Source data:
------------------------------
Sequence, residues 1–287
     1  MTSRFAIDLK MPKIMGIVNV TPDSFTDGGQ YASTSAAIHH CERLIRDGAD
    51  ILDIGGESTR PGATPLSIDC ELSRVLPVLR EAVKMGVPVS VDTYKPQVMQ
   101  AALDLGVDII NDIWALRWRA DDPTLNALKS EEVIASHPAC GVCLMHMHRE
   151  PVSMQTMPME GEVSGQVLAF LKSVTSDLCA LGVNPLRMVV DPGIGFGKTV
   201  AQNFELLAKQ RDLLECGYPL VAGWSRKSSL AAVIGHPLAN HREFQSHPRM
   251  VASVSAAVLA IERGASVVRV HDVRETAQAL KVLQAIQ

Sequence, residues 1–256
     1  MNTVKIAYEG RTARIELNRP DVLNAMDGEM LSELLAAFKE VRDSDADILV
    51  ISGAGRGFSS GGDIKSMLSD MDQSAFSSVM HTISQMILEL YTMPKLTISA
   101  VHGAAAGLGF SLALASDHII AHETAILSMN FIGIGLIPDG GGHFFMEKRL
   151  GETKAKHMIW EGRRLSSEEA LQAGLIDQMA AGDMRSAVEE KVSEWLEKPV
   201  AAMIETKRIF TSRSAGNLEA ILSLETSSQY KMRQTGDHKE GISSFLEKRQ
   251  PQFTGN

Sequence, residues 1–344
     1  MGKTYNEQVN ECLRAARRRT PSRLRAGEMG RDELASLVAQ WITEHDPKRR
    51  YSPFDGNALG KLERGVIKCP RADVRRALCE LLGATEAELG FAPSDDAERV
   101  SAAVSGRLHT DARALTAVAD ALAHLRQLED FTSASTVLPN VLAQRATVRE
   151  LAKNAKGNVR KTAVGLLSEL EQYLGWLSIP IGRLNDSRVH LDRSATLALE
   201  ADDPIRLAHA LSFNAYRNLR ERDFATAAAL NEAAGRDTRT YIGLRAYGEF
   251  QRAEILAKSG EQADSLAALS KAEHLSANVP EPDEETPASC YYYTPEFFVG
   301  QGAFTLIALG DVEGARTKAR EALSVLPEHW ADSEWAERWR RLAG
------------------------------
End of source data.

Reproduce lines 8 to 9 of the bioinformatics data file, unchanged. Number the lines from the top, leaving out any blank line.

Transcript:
Sequence, residues 1–256
     1  MNTVKIAYEG RTARIELNRP DVLNAMDGEM LSELLAAFKE VRDSDADILV